|Big Kahuna’s MySpace page. Courtesy photo. |
The beauty of MySpace is you can’t post a comment on someone’s profile if they haven’t added you as their “friend.” If Jason “Big Kahuna” Weaver, 32, ever accepts my friend request, here’s what I’d say.
Mar 23 2007 4:08P
Is it really necessary to check your MySpace page when you’re a fugitive?
I mean, hijacker D.B. Cooper did not parachute out the back of a Boeing above Mount St. Helens with his $200,000 ransom and then send a map to the authorities with little pushpins showing his escape route out of the Pacific Northwest, did he? Pancho Villa didn’t leave masa crumbs for the 13th U.S. Cavalry to follow him into the rugged Sierra Madres. And OJ didn’t use a car phone, a veritable tracking device … well he shouldn’t have if he and A.C. Cowlings didn’t want the signal triangulated. (Advances in electronic trailing and wall-to-wall cell-phone towers `disguised as palm trees along the LA Freeway!` have since made the modern cell phone — each equipped with a GPS chip — a “personal-locator beacon,” reported CNN’s
technology correspondent Daniel Sieberg last year.)
So Jason (“Jay for short,” your About Me section says), all los federales need to see where you logged in on January 23 — almost four months after you were to self-report at a federal prison camp in Beaumont — is a court order. The IP address for that computer is as unique as the old East Park Village street address off Rittiman where you, your wife Tracee, and kids Ava and Hunter used to live. (Your family could be on the lam with you, too, Tracee’s great aunt Doris Wilkerson said: the elementary school called her to find out where your boy was.)
But lucky for you, a law-enforcement insider said the U.S. Marshals aren’t looking very hard. And none of your neighbors, friends, or family I spoke with said they’d been contacted by the law.
Mar 31 2007 3:25P
“It was on KSAT 12, they put up the wanted picture,” your neighbor, Sandra, described last Friday’s morning news to me. The A/C was blasting in the living room, and the Golden Lab mix, Sandy, nosed at my black pants until they were blond. “The two marshals laughed because it’s not like Jason’s a mass murderer or a child molester. And they figured he was still in the area doing gardening.”
“Yeah, he’s real good at growing things!” Sandra’s husband called from the kitchen.
Sandra said you’re the one who told her you’d been arrested on April 4, 2005, charged with three counts related to growing pot, and released on a $100,000 surety bond (that your wife made a down payment on).
“I feel sorry for him now because he’s done something dumb and it’s gonna add extra time,” Sandra said. “He said ‘I can do three years standing on my head.’ And I told him three years goes fast … When you stop and think of it in the scope of things. He’s young.”
Mar 31 2007 5:00P
You faked us all out, Jay. Not only did you give me an interview, sounding all god-solid and determined to serve the time, but after you were busted with four of your friends (who all got nothing harsher than probation) you did everything by the letter of the law. You applied with District Court Judge Royal Furgeson’s court in September 2005 to change the conditions of your release to travel and help with the Hurricane Rita recovery in Beaumont. No one thought you were a flight risk.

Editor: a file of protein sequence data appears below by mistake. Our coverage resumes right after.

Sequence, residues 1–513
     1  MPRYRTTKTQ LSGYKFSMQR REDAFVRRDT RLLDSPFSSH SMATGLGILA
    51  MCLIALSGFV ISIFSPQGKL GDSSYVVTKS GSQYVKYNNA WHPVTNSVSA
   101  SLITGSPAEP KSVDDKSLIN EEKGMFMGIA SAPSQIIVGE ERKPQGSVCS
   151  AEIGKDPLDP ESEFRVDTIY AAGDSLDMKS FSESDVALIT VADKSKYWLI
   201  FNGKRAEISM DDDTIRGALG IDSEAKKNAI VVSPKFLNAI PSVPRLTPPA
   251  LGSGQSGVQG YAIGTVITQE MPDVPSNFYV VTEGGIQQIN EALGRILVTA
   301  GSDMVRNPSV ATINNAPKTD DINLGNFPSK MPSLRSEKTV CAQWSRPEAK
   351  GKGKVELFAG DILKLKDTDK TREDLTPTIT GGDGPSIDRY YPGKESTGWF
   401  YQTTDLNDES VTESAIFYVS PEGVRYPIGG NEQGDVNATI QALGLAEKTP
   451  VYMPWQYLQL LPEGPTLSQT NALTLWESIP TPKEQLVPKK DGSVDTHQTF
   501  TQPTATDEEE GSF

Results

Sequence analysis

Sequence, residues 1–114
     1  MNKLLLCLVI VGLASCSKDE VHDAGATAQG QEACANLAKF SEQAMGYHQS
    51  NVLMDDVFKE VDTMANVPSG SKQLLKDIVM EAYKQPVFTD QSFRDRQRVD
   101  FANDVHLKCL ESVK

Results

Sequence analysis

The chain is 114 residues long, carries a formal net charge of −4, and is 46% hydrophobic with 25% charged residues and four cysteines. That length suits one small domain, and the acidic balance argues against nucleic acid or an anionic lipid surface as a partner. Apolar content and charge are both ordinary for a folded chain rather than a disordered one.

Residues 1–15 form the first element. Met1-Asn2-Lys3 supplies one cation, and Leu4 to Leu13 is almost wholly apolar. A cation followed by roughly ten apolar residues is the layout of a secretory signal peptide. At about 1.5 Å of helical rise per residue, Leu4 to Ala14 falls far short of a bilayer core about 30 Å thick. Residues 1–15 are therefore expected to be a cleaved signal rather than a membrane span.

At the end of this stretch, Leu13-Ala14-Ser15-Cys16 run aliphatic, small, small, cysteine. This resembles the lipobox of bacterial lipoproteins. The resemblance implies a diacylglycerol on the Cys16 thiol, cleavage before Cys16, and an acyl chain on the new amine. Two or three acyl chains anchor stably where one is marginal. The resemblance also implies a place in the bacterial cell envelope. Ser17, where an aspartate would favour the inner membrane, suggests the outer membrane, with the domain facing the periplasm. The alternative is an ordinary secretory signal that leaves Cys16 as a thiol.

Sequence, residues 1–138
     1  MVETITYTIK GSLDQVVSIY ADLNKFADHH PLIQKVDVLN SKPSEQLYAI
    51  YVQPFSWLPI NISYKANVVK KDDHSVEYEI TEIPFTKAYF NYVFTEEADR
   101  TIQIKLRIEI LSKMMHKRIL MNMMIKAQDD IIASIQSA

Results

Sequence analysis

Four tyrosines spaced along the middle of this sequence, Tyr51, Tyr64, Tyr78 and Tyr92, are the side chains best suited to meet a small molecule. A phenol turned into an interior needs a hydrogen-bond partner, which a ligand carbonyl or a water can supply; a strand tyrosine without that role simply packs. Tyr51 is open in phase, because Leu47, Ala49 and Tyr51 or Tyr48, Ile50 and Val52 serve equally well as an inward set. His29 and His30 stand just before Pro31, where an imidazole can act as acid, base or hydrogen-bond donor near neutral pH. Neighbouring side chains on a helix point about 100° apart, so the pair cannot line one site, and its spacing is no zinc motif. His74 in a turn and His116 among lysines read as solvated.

“He’s the one that was growing the marijuana, right? I just wanted to make sure because they tend to run together,” said Deputy U.S. Marshal Tom Smith, a Lone Star Fugitive Task Force supervisor with the nation’s primary criminal hunting party. (Last Friday in Austin the Marshals captured Jose Antonio Espinoza, a fugitive who skipped sentencing here in San Antonio last June. He’d been up on cocaine conspiracy and was handed down a 30-year-sentence in absentia.)
“They don’t all run to Mexico,” Smith said. “And we don’t have any indication that `Jason’s` fled the area.”
He also said he couldn’t believe you “jetted” on just a three-year sentence. No one can say for sure how many extra years a fugitive gets for his transgression; it seems to depend on law enforcement’s mood. “Don’t make us have to look hard for you,” Smith said. “If we’re out on the weekends … you’ll get no mercy.”
Your lawyer, legendary narcotics defender Gerry Goldstein, said the extra sentencing then, if you’re caught, depends on what your reasons were. “There are defenses to that … people have died” and did not report to prison, he said.
April 2 2007 11:45A
I contacted a few of your friends on your MySpace. Someone I didn’t look up, a San Antonio filmmaker named Kevin from what I could tell from his profile, wrote me.
“Please refrain from asking anymore questions about Mr. Weaver,” he said. “I appreciate your interest in the well-being of Big Kahuna, but he is far from our continent, and we will never see him again. By the way … it was a very good article. — K”
Apr 3 2007 6:09P
Hey Jay! I’ve been learning how to tweak my profile (I notice we both share a love for Tony Jaa’s martial arts). BTW, did you know you can hide your Last Login?
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